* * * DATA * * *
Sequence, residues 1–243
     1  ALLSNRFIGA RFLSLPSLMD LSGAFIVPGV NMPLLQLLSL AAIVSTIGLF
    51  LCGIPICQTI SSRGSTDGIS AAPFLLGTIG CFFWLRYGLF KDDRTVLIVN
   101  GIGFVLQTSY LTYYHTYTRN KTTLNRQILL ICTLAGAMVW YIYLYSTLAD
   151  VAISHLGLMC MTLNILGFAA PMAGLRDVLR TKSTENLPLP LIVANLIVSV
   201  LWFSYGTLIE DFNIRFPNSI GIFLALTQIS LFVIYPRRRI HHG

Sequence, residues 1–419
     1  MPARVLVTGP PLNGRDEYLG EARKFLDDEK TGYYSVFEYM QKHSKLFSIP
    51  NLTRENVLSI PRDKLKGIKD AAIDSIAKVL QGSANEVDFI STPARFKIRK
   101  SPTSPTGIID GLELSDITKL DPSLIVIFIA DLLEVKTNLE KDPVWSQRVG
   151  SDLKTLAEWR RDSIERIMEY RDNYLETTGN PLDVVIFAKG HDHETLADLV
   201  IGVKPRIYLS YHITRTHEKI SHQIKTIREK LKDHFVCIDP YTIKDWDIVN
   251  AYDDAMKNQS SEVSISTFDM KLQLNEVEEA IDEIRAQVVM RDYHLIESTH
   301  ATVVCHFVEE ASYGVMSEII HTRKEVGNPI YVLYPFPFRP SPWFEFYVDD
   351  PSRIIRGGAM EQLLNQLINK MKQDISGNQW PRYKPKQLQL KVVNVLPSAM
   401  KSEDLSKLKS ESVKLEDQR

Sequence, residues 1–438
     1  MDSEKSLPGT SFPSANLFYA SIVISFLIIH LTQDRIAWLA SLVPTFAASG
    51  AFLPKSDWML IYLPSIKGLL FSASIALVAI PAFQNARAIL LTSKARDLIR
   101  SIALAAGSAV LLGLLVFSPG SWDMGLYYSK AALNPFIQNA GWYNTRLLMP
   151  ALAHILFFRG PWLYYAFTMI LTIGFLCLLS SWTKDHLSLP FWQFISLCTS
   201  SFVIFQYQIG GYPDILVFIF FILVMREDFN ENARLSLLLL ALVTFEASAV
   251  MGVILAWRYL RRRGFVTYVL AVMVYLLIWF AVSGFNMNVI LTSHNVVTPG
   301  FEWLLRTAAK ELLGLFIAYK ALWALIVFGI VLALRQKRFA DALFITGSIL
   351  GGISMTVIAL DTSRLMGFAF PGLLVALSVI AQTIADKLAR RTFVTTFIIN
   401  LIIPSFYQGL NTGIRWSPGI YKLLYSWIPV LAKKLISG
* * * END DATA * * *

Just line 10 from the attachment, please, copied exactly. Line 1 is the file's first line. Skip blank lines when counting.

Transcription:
   101  SPTSPTGIID GLELSDITKL DPSLIVIFIA DLLEVKTNLE KDPVWSQRVG